Which might, if you didn't follow the link in the paragraph through, suggest that this was yet another example of "Well, the other side did it first, and no one cared."  Which is a stupid argument in any case, although it happens to not be true at all in this one.

What you find when you chase the link is an example of what a proper Senate letter might look like: in 2002, then-Secretary of State Colin Powell testified before the Senate Committee on Foreign Relations about arms reduction negotiations that were being held with Russia at the time.  The CFR responded to the Secretary of State with a letter signed by the Committee chair, Senator Joseph Biden, and the ranking minority committee member, Senator Jesse Helms (the notorious left wing pansy and appeasement fanatic).  This letter set out the Committee's position that a binding arms control agreement with the Russians would implicate provisions of existing treaties (specifically START I), and thus "no Constitutional alternative exists to transmittal of the concluded agreement to the Senate for its advice and consent."

And then the CFR really lays down the law and makes a bold stand for Congressional primacy and authority by offering to "work closely with the Executive Branch on this matter, and we respectfully expect close consultation with the Senate Committee on Foreign Relations as negotiations with Russia proceed."  Ooh!  Burn!

Sigh.

So, yeah, "Vice-President Joe Biden similarly insisted," if by "similarly" you mean the alternate usage of "not similarly at all" that I'm sure appears in the OED somewhere.  No one could possibly dispute that Senate CFR Chair Senator Bob Corker (who, by the way, didn't sign the open letter) and ranking member Senator Bob Melendez could send a letter on behalf of the Committee to the Secretary of State--and/or to the President--explaining their reservations and expressing a desire to be consulted on a matter that might ultimately come before them for their advice and consent; that would be routine, a sign our republic was functioning about as well as it might be expected to.  However, I don't believe anyone with half a brain or a lick of sense would expect the Committee to bypass the Executive Branch and send a letter straight to the Iranians (which is probably why Senator Corker didn't make a prat of himself by doing so), and one telling the Iranians not to expect anything from the United States.  And, good gravy, on top of that: preemptively doing so; then-Senators Biden and Helms wrote to Secretary Powell about the necessity of sending concluded agreements to Congress for advice and consent; their desire to be kept in the loop in the meantime would appear to be nothing more than a perfectly sensible wish not to be sent a concluded agreement with no hope of being consented to.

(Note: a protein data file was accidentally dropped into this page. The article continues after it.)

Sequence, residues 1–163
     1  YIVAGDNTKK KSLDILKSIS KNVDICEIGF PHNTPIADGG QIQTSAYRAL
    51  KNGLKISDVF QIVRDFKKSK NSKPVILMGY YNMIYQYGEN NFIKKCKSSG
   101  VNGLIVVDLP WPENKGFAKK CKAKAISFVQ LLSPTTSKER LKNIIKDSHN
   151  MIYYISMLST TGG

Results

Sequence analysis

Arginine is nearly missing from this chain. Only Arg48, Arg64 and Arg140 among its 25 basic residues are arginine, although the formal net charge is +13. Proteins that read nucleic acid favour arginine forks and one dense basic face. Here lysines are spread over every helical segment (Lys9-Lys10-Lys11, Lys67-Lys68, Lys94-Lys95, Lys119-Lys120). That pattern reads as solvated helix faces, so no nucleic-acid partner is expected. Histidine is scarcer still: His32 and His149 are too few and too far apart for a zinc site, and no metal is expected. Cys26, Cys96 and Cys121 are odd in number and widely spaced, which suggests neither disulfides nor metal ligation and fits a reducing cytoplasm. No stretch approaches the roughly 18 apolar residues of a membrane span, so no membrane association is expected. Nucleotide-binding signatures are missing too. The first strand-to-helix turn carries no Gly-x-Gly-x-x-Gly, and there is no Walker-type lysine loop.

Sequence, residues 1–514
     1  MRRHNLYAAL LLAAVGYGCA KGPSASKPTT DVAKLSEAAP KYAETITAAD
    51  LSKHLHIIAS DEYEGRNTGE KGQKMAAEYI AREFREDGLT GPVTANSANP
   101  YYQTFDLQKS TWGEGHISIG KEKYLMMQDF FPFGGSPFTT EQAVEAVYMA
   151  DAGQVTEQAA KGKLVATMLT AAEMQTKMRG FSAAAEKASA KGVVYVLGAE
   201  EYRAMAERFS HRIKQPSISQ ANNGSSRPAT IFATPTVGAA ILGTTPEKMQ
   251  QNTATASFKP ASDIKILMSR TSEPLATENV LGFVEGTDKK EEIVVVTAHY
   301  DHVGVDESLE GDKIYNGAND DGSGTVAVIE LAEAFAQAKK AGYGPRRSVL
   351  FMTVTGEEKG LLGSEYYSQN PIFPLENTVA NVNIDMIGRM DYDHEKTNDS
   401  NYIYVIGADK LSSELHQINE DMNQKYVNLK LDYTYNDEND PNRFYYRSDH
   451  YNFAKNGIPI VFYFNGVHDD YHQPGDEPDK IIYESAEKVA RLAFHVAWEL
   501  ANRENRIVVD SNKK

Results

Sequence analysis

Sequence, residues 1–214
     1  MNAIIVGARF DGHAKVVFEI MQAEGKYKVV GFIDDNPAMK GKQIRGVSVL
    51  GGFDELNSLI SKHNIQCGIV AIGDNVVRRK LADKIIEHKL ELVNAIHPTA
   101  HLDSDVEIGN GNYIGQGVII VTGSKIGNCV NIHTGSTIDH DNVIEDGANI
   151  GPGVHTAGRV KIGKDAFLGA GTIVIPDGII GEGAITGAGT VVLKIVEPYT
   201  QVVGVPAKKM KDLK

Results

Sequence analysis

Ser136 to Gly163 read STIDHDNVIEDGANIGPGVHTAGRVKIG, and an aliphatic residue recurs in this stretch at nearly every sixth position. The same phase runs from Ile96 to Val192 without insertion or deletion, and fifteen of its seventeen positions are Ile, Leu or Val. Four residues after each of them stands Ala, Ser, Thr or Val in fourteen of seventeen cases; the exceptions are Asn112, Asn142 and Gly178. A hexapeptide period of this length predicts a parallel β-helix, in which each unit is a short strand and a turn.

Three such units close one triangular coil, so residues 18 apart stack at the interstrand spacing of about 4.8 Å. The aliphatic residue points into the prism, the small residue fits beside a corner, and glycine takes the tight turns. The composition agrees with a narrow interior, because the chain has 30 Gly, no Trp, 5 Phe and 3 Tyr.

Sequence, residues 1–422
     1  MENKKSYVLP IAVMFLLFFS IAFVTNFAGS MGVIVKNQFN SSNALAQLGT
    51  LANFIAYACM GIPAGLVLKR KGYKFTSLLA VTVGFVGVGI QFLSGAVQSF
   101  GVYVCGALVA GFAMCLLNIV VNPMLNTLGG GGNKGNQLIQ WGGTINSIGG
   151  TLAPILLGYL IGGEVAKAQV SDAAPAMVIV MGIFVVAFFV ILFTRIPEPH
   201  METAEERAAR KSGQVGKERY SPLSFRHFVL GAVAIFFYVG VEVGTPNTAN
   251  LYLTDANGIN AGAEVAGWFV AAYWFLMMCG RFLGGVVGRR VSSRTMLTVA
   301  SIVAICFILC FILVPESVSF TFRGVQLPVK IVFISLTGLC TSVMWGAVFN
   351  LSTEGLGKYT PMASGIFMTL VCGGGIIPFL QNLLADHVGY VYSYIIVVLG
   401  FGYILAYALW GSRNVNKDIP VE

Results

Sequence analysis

This was a stupid stunt by Senator Cotton and the forty-six other jerks who went along with it.  It was irresponsible, dangerous, and dumb.  If it wasn't without precedent going back to the early days of the Republic, it must be remembered that we're talking about precedents that flirted with death-penalty eligible treason back in the day, and precedents that stand in stark contrast to responsible Constitutional participation by the Senate Committee on Foreign Relations in earlier eras.





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The ten percent

>> Wednesday, March 04, 2015

But if we’re talking strictly about feature film franchises, it is curious at worst, fascinating at best, how many so-called iconic franchises rest their entire reputations, and thus the core of their fandom, on the initial one or two entries out of a handful of respective films in each respective franchise. Point being, and I ask this with no judgment and genuine curiosity, can you call yourself a fan of a given film franchise if you dislike the vast majority of the franchise’s entries?
Forbes, February 19th, 2015.

"Ninety percent of everything is crap."
- Theodore Sturgeon, supposedly.

An Onion A.V. Club piece handwringing over whether fans will embrace Neill Blomkamp's Alien sequel with as much fervor when it actually hits screens as they did when it was first tweeted about leads one to a Forbes piece full of similar concerns, wondering aloud how someone can say they're a fan of a franchise when they really only like a third of it, or a quarter of it, or even less.

Which further reflects a complaint that often comes up whenever fanboys fling feces at one another over Prometheus or The Phantom Menace or any other project that causes a vocal and loud partisan outcry.  (Mind, I write this as a seasoned shit-slinger.)  No true fanboy would castigate Prometheus as the worst film ever made, or only a true fanboy who has his head up a space jockey's arsehole with misplaced reverence for Alien would, or something.  You see both.  And why?  Why can't fans ever be satisfied, for pity's sake?